Most homeless children have no access to any form of education, Chennai study reveals

Parents say that as they do not have televisions or smart phones, their children cannot access online classes

December 19, 2020 03:21 pm | Updated 03:45 pm IST - CHENNAI

Photograph used for representational purposes only

Photograph used for representational purposes only

As many as 71 out of 100 homeless children in the city have no access to any form of education during the COVID-19 pandemic, says a study by the Information and Resource Centre for the Deprived Urban Communities (IRCDUC).

The IRCDUC was conducting relief work during the pandemic in Broadway and surrounding areas. “Many parents were complaining that their children were not able to study due to a lack of a television (where they could access Kalvi channels) or smart phones for online classes,” said Vanessa Peter, policy researcher, IRCDUC. Hence the centre conducted a study among 100 children in Stringer Street, Davidson Street, Ratan Bazaar, Narayanappa Street, TNPSC Office Road, Lone Square and Devaraja Mudaliar Street.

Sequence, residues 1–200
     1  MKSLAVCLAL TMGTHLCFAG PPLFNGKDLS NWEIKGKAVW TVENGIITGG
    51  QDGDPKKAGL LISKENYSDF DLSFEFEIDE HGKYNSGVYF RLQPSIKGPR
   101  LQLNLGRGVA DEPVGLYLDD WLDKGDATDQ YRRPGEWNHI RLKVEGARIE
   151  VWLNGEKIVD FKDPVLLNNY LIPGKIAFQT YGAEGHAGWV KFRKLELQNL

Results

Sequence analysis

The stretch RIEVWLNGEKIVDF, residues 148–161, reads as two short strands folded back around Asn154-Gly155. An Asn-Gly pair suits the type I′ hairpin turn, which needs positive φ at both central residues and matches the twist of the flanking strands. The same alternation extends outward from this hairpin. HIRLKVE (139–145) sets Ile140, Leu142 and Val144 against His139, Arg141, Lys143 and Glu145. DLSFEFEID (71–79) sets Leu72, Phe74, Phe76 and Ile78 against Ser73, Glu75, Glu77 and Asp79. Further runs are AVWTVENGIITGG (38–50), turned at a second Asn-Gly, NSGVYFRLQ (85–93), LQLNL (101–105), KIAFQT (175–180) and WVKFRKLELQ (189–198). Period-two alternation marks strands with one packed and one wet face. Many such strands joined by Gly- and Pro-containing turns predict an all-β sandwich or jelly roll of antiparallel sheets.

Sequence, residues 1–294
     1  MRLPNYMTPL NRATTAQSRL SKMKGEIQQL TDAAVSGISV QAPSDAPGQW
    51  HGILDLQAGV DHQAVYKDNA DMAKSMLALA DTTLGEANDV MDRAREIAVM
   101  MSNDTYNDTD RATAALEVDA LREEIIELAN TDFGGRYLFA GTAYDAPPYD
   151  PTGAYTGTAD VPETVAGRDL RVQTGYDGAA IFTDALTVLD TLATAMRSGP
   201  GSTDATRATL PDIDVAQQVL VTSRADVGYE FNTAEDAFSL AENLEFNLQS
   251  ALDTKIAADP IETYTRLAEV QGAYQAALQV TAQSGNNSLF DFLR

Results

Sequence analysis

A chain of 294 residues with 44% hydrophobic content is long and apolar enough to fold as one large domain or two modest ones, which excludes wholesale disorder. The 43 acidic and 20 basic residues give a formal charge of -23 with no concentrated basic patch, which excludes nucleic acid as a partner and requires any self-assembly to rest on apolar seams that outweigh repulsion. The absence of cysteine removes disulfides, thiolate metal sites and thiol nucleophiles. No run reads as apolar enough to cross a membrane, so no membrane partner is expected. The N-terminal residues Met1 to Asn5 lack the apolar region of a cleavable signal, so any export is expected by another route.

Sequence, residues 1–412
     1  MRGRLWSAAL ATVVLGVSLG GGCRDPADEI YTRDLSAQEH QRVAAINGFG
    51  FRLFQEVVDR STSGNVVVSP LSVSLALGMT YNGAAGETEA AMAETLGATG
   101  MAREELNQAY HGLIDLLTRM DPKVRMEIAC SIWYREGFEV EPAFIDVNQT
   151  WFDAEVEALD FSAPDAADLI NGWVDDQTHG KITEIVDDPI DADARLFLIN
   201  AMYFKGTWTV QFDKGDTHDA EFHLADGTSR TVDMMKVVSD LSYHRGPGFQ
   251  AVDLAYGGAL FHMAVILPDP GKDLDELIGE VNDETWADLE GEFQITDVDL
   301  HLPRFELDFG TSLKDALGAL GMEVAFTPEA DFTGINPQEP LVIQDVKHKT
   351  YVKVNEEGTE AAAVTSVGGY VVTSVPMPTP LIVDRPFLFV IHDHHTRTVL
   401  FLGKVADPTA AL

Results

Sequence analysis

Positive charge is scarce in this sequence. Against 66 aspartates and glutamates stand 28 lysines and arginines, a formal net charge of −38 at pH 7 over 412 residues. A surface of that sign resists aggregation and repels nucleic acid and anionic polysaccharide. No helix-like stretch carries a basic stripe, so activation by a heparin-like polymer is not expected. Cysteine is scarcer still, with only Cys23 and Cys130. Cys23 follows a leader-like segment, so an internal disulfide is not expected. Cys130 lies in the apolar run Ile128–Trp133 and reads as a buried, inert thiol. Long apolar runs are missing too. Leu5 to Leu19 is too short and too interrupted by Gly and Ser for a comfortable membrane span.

Out of the children studied, 52 were boys and 48 were girls. While 47% of the children are studying in primary school, 46% are in middle and high school and 7% in higher secondary school. Three children had dropped out of school during the pandemic.

“Most of the children are first-generation learners and being homeless, they did not have access to televisions or smart phones for education. Many did not even know whether online classes were available or not,” explained Vanessa Peter.

V. Sasikala, who lives on Davidson Street, said that her son V. Vasudevan is a class 7 student. “He is a first-generation learner. As we don’t have smart phones, he does not have access to classes. He says he has forgotten everything now. I am worried as we are working hard for his future,” she said.

While some volunteers are planning to mobilise smart phones and computers for the children, members of the homeless community feel it would be better if the government does something about it.

A School Education Department official said that if such issues are brought to the notice of School Education Minister K. A. Sengottaiyan, he would take some measures. “We can set up a desktop at a community hall and arrange for classes for these children. However someone has to approach us with a letter and details,” said the official.

(Childline operates a toll free helpline 1098 for children in distress across the country)

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